Close California Women’s Prisons


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The 2023 comprehensive report From Crisis to Care points to the inescapable conclusion – women’s prisons only perpetuate catastrophic trauma and harm. To reverse cycles of gendered and racial violence plus intergenerational trauma and poverty, California needs to invest in community controlled resources that are life affirming and health promoting. Our communities need to develop non-carceral, non-punitive forms of accountability and CLOSE WOMEN’S PRISONS! In Massachusetts and other parts of the country campaigns to close women’s prisons are already underway.

As of mid-2023 there are 3,337 people incarcerated in women’s prisons in California, 70.8% less than in 2010 when there were 12,668! This dramatic reduction was a result of strong, persistent legal challenges and advocacy campaigns by dozens of organizations and thousands of people from our communities, resulting in marked policy changes in California. Collectively we were able to reduce the population of women’s prisons by over 9,000 in little more than a decade. We can decarcerate a few  thousand more and close the state’s two women’s prisons!

We Call Out the Harms That Drive People Into Women’s Prisons

  • Racism – 25% of the women’s prison population is Black even though they make up only 6.5% of the California population. 35.2% of the population is Latinx and 32.1% are white. 7% are classified as other,” which clouds the statistics of the Asian, Pacific Islander, and First Nations People all into the aggregated “other” category. That being said, we know First Nations women comprise almost 2% of incarcerated women in our state — nearly five times their share of all women in California (0.4%).

  • Gendered violence and trauma – A majority of people in women’s prisons report experiences of intimate partner violence and a history of childhood abuse and witnessing the abuse of their own children as factors contributing to their incarceration. Transgender and gender variant people report significant trauma prior to incarceration, including experiences of bullying, family rejection and isolation, eviction, criminalization, and mistreatment by police.
  • School-to-prison pipeline – Schools in BIPOC communities routinely use punitive controls, including suspensions, expulsions, police and court referrals in dealing with students, channeling them towards prison.
  • Inter-generational poverty – Lack of food, housing, employment, education, childcare, healthcare and  transportation (the list goes on) are huge underlying factors that fuel imprisonment

We Denounce the Traumas That People Suffer Inside Women’s Prisons

  • Sexual harassment, abuse and assaults of incarcerated people in the women’s prisons at the hands of guards and other staff have been continuous and relentless for many decades.

  • Homophobia and transphobia resulting in isolation and additional punishment.

  • Medical neglect including failure to provide medical examinations, long delays in treatment, stopping needed prescriptions, reproductive violations such as forced sterilization, and lack of mental health care. This medical neglect results in permanent disability and chronic illness for a significant number of incarcerated people.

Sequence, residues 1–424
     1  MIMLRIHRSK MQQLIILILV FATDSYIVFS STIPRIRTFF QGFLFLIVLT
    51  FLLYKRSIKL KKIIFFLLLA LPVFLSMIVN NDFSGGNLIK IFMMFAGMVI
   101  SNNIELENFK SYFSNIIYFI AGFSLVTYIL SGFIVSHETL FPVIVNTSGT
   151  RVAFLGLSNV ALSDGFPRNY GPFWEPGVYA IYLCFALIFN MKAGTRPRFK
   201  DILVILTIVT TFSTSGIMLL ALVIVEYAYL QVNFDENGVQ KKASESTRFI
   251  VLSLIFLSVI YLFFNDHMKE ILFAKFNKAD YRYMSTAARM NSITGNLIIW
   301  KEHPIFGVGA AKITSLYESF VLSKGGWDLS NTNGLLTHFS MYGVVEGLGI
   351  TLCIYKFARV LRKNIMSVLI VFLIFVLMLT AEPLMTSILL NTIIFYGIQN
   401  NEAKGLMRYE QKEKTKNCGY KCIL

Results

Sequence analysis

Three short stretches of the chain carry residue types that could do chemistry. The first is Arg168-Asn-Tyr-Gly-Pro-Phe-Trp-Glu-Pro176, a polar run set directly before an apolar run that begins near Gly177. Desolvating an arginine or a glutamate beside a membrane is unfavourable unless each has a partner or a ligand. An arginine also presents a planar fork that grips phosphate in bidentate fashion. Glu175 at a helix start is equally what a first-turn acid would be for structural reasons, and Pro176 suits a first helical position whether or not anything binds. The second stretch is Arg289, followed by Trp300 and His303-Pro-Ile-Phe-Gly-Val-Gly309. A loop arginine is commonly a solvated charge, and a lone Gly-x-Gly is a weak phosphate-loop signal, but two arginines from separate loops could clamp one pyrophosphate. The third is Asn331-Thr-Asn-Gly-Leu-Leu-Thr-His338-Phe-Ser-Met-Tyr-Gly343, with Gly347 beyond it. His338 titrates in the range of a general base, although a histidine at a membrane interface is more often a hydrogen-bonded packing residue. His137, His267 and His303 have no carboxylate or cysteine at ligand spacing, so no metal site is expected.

• Environmental hazards including overcrowding, infectious disease, extreme heat and cold, foodborne illness, mold, asbestos, toxic drinking water, rodents and more. 

  • Solitary confinement, condemned by the United Nations, is used as retaliation for whistleblowing and as an alternative to providing mental health care. 

  • Separation from families and communities has destructive and far-reaching consequences that deeply harm community health.

We Grieve the Damage That Families and Communities Endure

  • Separation of mothers and parents from their children with lifelong consequences for those children of attention difficulties, aggression, mental health challenges, and a higher likelihood of their own incarceration later in life.

  • Loss of income plus the need to support incarcerated loved ones financially with their survival needs.

  • Eugenic population control via the removal of people of child-bearing age to prisons, which limits the reproductive capacity of the community.

We Amplify, Create and Implement Gateways to Freedom

  • Release policies for survivors of sexual abuse by prison staff.

  • End to all extreme sentencing, prioritizing elimination of LWOP, three strikes laws, the death penalty and sentence enhancements that most severely and disproportionately impact Black people, indigenous people, and other people of color.

  • Parole reform that expands Youth Parole and Elder Parole and ensures the presumption of release at parole hearings.

  • Compassionate release for those individuals who require assisted living due to years of medical neglect and the terminally ill.

  • Creation of the appropriate housing that will provide medical care and rehabilitation for those who require durable medical equipment and assistance with basic functions.

  • Creation of healing and accountability centers that are non-carceral, non-punitive and not funded by CDCr for people who need to be involved in transformative justice processes that ensure community safety.

90% of people in women’s prisons have suffered abuse.

People need care, healing, safety and transformative justice. Read our statement about how Domestic Violence = State Violence here.

Power & Control Wheel from Moms United Against Violence and Incarceration Chicago re-conceptualized by Monica Cosby. Graphic by Sarah Ross.